Grace (in an e-mail to Tziporah and Yasmina):
Christians can sometimes get very angry with one another when they express their opposing social and political viewpoints as "God's will." Yasmina, I know the phrase "God willing" is powerfully important in Islam, an ever present reminder of submission. I’m wondering if each of you would be interested in talking about how you and your faith tradition approach the question of "God's will," or is that even a concept that you deal with in those terms?
The idea that God is the Ruler of the Universe and controls our fate is a centerpiece of Judaism. Philosophers throughout the ages have addressed the tension between human beings’ free will—our ability to make choices and the consequences of our actions—and God’s ultimate control of each person’s destiny. Jewish grandmothers, meanwhile, have instructed entire generations of Jews to ward off the evil eye and recognize God’s protection of our good fortune. Yiddish, Hebrew and English all include idioms that express this central idea. My Ashkenazi (Eastern European) forbears would always say “God willing” when speaking of an event that would take place in the future, and in their Polish accents it would sound like “Got vill ink.” Many Jews include the acronym for the Hebrew phrase “b’ezrat ha-shem” (with God’s help) on wedding invitations, indicating that we do not take for granted that our plans will come to fruition without divine intervention. Finally, the Hebrew phrase “im yirtzeh ha-shem” (if God wills it) is recited by religious Jews whenever they speak of their hopes, goals or plans. This is both an expression of faith in God’s providence and of humble acceptance of God’s judgment.
I love how your take on this subject is both humorous and serious, Tziporah! And I believe that the habitual use of the phrase “God willing” makes a powerful theological statement. Where the catch comes for me is having clarity on what God’s will is. Did not the Crusades, the Holocaust, slavery, and the 9/11 attack all come about because of individuals' claims to be following God’s will? I suspect that if we were to examine ourselves carefully, we would find that we are far more bent on justifying our own beliefs with the stamp of “God’s will” or approval than we are willing to engage in a deep and painful search that will probably lead to our own reshaping. I suspect that seeking, not just claiming, God’s will is likely to disturb and unsettle us rather than allow us to rest comfortably in the beliefs we already hold.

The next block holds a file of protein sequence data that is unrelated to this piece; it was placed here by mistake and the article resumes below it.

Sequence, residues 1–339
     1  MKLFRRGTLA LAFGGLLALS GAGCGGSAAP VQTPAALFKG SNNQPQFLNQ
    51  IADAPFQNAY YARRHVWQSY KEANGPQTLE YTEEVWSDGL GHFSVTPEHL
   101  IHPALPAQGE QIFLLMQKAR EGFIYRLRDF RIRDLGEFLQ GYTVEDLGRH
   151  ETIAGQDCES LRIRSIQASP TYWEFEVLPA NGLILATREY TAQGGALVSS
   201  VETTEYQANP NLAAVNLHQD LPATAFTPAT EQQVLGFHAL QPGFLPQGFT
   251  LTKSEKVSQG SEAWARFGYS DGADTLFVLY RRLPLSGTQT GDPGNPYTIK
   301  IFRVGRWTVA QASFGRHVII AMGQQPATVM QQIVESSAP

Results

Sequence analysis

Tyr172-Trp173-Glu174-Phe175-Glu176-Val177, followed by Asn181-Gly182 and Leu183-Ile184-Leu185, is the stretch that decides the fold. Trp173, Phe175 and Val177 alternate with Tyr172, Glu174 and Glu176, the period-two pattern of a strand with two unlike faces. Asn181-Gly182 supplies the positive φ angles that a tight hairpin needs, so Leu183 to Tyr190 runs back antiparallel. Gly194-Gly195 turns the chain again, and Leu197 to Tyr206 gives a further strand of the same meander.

In light of this week’s murder of Sikh priests in their Temple, I’d like to add a serious response to your question about discerning “God’s will.” In Jewish tradition, only the Prophets are privy to God’s will and the period of prophecy was determined to be finished with the canonization of the Hebrew bible. Nevertheless, people claiming to know God’s will—false prophets—seem to arise in every generation. My favorite definition of false prophets is “those who twist God's word to fit their own fancies…who aim at nothing but their hearers' applause.”(Micah 3:5-7) In my humble opinion, those who believe in God the Creator who is eternally righteous and loves all creatures cannot simultaneously believe that God’s will is for them to destroy God’s creation or murder God’s creatures. When we pray for God’s protection and benevolence, we use the phrase “May it be God’s will,” because we know that we cannot really change God’s will to suit our own desires. We also pray for the righteous to flourish and the wicked to perish by God’s will and not (God forbid!) by our words or deeds.
Yasmina is on vacation this week.